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Anna Freud (1895 -- 1982) | NCP-LA

Name: Anna Freud (1895 -- 1982)

Historical Note:

Anna Freud was an Austrian-British psychoanalyst. She was born in Vienna, the sixth and youngest child of Sigmund Freud and Martha Bernays. She followed the path of her father and contributed  to the field of psychoanalysis.

After experiencing multiple episodes of illness Anna Freud resigned her teaching post in 1920.  This enabled  her to pursue further her growing interest in her father 's work and writings.

In 1922 she presented her paper "Beating Fantasies and Daydreams" to the Vienna Psychoanalytical  Society and became a member of the society. In 1923, she began her own psychoanalytical practice with children and by 1925 until 1934, she was  the Secretary of the International Psychoanalytical Association while she continued child analysis and contributed  to seminars and conferences on the subject. In 1935, she became director of the Vienna Psychoanalytical Training Institute  and the following year she published  her influential study of the "ways and means by which the ego wards of depression, displeasure and anxiety",The Ego and Mechanisms of Defense.It became a founding work of ego psychology and established Freud's reputation as a pioneering theoretician.

At the time in London, the field of child analysis was largely the domain of Anna and Melanie Klein, Anna's theoretical and clinical rival. Anna's arrival in London resulted in splitting the British psychoanalytic community into three schools: Freudian, Kleinian and Independent. The Kleinian approach differed from the Freudian in several methodological and theoretical technique around infancy and object relationships. For example, the Freudian approach did not believe that children experienced superego and their therapist should be part of their transference and significant figures. In contrast, Klein believed that children had superego and needed to be treated  the same  techniques as adults. These differences had initially  threatened the discipline of Anna's Freudian techniques of child analysis in England, but by the end of the Second World War, the conflict was resolved through parallel acceptance for both schools.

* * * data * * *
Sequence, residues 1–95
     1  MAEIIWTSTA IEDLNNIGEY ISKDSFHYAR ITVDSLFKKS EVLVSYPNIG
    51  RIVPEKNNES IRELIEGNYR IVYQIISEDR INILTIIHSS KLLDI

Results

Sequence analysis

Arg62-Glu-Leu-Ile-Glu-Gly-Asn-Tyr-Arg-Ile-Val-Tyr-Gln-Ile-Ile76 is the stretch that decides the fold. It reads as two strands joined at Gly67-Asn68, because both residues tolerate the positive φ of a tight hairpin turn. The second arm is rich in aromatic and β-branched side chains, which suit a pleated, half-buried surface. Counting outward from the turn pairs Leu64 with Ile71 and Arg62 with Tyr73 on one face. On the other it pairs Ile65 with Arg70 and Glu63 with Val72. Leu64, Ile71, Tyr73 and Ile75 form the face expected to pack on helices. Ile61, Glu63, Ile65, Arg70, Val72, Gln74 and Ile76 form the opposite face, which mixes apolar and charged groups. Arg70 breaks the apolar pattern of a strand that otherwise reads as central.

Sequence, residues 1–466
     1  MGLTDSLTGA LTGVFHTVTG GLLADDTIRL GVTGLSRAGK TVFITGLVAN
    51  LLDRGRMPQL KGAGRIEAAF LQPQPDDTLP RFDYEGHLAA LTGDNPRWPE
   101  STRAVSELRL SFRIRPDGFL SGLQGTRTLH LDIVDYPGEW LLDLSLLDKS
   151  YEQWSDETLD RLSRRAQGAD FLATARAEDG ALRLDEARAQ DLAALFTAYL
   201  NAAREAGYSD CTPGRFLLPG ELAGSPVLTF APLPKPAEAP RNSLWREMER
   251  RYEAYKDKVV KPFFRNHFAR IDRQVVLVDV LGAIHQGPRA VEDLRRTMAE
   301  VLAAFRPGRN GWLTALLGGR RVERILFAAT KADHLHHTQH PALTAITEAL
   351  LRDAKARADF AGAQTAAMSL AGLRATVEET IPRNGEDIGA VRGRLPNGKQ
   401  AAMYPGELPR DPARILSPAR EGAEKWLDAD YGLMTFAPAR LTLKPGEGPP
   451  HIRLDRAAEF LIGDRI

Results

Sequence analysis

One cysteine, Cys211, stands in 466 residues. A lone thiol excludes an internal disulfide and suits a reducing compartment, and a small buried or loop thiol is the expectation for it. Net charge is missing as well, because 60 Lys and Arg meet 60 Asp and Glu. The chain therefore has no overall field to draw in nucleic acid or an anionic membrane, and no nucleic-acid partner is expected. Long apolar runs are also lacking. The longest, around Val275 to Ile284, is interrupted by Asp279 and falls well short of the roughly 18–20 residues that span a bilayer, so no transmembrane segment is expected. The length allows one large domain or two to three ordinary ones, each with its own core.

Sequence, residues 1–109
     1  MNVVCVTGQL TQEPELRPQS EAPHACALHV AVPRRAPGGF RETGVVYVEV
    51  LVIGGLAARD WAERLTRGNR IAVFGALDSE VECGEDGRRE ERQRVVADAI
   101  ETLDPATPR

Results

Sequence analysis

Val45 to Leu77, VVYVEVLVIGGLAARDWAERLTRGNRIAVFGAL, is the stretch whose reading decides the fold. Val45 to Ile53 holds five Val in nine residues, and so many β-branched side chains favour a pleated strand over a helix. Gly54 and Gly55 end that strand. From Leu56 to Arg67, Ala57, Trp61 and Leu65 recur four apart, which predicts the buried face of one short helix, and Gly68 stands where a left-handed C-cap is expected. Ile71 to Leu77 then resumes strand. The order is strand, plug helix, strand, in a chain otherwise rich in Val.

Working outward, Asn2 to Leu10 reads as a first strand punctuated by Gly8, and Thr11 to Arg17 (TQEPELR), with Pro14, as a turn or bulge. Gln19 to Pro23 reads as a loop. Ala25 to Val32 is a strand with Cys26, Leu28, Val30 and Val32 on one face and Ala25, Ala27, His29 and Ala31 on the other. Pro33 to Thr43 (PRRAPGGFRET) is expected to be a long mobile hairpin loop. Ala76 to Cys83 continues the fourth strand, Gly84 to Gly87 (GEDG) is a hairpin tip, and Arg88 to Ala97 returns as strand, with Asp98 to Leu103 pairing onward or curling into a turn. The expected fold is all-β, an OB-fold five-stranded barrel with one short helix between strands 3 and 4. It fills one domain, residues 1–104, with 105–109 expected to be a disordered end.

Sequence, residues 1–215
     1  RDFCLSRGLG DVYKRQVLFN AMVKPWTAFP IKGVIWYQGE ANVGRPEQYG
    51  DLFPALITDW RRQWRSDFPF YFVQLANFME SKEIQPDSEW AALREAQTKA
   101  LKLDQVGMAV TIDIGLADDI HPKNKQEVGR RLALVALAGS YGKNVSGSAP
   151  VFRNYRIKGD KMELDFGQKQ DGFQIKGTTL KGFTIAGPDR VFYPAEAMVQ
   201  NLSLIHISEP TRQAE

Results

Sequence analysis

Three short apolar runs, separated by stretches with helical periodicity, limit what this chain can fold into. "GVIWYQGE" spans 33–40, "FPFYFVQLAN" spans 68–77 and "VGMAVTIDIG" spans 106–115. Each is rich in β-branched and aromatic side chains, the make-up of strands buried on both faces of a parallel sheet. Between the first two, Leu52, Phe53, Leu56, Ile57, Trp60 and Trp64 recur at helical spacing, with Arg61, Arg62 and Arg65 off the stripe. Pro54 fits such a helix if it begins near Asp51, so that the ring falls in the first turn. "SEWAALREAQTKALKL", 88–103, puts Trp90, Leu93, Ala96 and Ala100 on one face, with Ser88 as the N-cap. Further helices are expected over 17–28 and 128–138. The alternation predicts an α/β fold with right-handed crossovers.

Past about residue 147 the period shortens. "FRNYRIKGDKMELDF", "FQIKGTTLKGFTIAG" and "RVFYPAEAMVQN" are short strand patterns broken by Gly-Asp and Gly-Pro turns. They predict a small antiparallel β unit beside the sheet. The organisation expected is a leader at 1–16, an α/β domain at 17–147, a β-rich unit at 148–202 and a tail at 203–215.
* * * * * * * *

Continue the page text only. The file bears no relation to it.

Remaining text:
In 1973 Anna Freud was elected as a President of International Association of Psychoanalysts.

Arguably, however, it was in Anna Freud's London years 'that she wrote  her most distinguished  psychoanalytic papers -- including "About Losing and Being Lost" which everyone should read regardless of their interest in psychoanalysis. Her description therein of 'simultaneous urges to remain loyal to the dead and to turn to the new ties with the living' may perhaps reflect her own mourning process after her father's recent death.

Nevertheless, her basic loyalty to her father's work remained unimpaired and it might indeed be said that 'she devoted her life to protecting her father's legacy... In her theoretical work there would be little criticism of him and she would make what is still  the finest  contribution to the psychoanalytic understanding of passivity', or what she termed 'altruistic surrender... excessive concern and anxiety for the lives of his love objects'.

From the Anna Freud's letter, "If you want to be a real psychanalyst you have  to have a great love  of the truth, scientific truth as well as personal truth and you have to place this appreciation of truth higher than any discomfort  at meeting unpleasant facts, whether they belong to the world outside or to your won inner person.

Further, I think that a psychoanalyst should have... interests... beyond the limits of the medical field... in fact that belong to sociology, religion, literature and history,... otherwise his outlook on... his patient will remain too narrow. This point contains... the necessary preparations beyond the requirements made on candidates of psychoanalysis in the institutes. You ought to be a great  reader and become acquainted with the literature of many countries and cultures. In the great literary figures you will find people who know at least as much of human nature as the psychiatrists and psychologists try to do.

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